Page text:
It wasn’t possible to independently verify the circumstances in which the video was shot, nor substantiate Latushka’s other claims.

Lukashenko on Tuesday rejected Latushka’s accusations as “madness,” arguing that Belarus has temporarily hosted the children to help them recover from the war’s trauma.

The Belarusian leader said he has reached out to Putin and they agreed to fund the children’s stay in Belarus from the state budget.

“This is how we started taking them here,” Lukashenko said Tuesday. “We help improve their health and they leave. They actually don’t want to leave.”

Lukashenko denounced Latushka as a “scoundrel” and accused him of trying to manufacture an ICC case against him.

Latushka was forced to leave Belarus under pressure from Belarusian authorities following Lukashenko’s reelection in a 2020 vote that the opposition and the West denounced as rigged. Lukashenko, who has ruled the nation of 9.5 million people with an iron hand for 29 years, relied on Russia’s political and financial support to brutally suppress months of major opposition protests.

Latushka, who lives in self-imposed exile in Poland, said that he received an increasing flow of death threats as he pressed his investigation into the alleged forced transfers of children.

Speaking to the AP, he charged that along with Lukashenko, at least four other people have been involved in transferring Ukrainian children to Belarus, including Dmitry Mezentsev, a top official within the Russo-Belarusian “union state” structure, Ivan Golovaty, the head of state-owned Belarusian fertilizer exporter Belaruskali, Alexei Talai, the head of a government-supported charity fund, and Olga Volkova, a pro-Russia activist in Ukraine’s partially-occupied Donetsk region.

Documents published by Latushka’s opposition group also include a copy of a letter signed by Mezentsev and addressed to the head of Russia’s national rail operator, Russian Railways, asking that it jointly organize “the transportation of the children” from Ukraine’s industrial east “for rehabilitation to brotherly Belarus.”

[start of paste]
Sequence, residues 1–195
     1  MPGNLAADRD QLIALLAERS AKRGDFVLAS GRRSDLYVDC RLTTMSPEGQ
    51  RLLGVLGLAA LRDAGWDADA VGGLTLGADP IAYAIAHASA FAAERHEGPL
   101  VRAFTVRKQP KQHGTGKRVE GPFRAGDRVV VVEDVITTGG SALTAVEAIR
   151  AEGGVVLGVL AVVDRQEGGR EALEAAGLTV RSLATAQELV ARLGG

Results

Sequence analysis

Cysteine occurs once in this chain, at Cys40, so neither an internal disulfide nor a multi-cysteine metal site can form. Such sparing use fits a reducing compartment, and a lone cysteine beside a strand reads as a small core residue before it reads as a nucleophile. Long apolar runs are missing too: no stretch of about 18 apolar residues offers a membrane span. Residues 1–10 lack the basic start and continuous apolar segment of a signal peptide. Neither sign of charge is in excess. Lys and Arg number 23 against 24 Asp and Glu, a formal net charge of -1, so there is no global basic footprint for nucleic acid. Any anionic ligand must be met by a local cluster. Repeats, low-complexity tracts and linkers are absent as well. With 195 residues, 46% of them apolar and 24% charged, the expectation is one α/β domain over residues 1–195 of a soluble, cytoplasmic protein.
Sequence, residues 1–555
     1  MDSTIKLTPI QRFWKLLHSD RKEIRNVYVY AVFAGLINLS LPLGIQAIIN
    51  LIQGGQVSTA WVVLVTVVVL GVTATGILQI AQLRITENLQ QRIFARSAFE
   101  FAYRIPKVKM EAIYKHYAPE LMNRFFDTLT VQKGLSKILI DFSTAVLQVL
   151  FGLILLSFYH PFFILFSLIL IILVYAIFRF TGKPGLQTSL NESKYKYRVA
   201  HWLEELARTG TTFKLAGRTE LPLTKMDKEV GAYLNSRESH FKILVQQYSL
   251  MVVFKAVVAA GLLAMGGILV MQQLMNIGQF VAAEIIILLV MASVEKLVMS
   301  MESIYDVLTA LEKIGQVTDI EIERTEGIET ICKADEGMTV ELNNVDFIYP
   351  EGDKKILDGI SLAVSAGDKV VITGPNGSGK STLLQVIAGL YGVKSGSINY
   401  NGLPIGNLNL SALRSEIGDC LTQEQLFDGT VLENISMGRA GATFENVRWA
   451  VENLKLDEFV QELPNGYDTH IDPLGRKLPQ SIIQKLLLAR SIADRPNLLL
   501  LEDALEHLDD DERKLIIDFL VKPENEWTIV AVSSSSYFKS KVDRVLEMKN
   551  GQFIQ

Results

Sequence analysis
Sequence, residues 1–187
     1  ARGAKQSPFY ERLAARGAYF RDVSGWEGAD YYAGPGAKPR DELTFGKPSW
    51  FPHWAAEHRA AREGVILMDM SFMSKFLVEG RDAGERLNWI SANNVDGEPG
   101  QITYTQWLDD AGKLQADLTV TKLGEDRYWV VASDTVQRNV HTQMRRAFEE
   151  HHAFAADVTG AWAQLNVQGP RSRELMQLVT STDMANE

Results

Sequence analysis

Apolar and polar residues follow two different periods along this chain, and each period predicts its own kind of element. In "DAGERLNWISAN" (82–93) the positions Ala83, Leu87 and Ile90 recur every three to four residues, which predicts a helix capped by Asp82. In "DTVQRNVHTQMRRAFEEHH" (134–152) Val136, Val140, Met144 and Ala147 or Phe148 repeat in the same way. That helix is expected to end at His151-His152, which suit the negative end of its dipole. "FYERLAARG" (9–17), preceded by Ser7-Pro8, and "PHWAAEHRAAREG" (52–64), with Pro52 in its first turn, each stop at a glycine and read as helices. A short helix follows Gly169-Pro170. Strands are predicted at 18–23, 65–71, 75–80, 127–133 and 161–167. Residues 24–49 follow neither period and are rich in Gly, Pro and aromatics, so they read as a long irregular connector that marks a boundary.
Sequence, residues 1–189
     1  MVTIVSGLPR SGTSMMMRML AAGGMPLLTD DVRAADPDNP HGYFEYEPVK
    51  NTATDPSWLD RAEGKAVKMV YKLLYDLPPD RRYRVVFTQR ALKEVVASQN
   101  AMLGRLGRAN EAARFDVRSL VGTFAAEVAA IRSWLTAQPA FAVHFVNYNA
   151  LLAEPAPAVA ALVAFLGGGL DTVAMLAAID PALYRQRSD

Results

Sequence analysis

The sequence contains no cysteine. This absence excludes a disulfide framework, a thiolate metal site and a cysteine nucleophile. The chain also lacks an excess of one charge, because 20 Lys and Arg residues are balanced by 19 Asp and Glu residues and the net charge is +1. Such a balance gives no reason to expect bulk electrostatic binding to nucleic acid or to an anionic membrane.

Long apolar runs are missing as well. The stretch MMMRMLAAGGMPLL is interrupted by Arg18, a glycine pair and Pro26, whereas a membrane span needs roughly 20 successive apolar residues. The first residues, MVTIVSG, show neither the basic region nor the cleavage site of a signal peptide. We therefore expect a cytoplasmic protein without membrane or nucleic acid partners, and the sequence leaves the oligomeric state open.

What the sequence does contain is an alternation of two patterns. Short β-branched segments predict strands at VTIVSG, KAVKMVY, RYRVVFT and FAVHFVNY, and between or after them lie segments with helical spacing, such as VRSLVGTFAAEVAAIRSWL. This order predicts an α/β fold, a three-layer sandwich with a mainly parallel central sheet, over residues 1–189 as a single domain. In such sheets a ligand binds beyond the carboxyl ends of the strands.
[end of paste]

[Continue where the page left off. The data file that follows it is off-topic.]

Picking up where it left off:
The letter, dated March 23, referenced a decision by Putin and Lukashenko to provide “humanitarian aid” to the children, as well as plans to resettle almost 2,000 orphans and children living “in harsh conditions” to Belarus this year. It said that 1,050 minors would be transferred in April and May, with another 908 set to follow later in the year. It also indicated that an unspecified number of minors were taken to Belarus last year in a state-funded joint effort by the Russian and Belarusian rail operators.

Any group or individual can send evidence of alleged crimes to the ICC. Prosecutors assess such submissions to “identify those that appear to fall within the jurisdiction of the Court and warrant further action,” the court says on its website.

The Belarusian authorities have said that the country would host more than 1,000 children ranging in age from 6 to 15 from Russian-occupied parts of Ukraine for “recovery.” They said the first 350 of them arrived in Belarus in April, but didn’t say how long they will stay in the country.

Last month, the Ukrainian Prosecutor General’s office said it has launched an investigation into the forced transfer of Ukrainian children to Belarus.

Notify of
Inline Feedbacks
View all comments

In case you missed it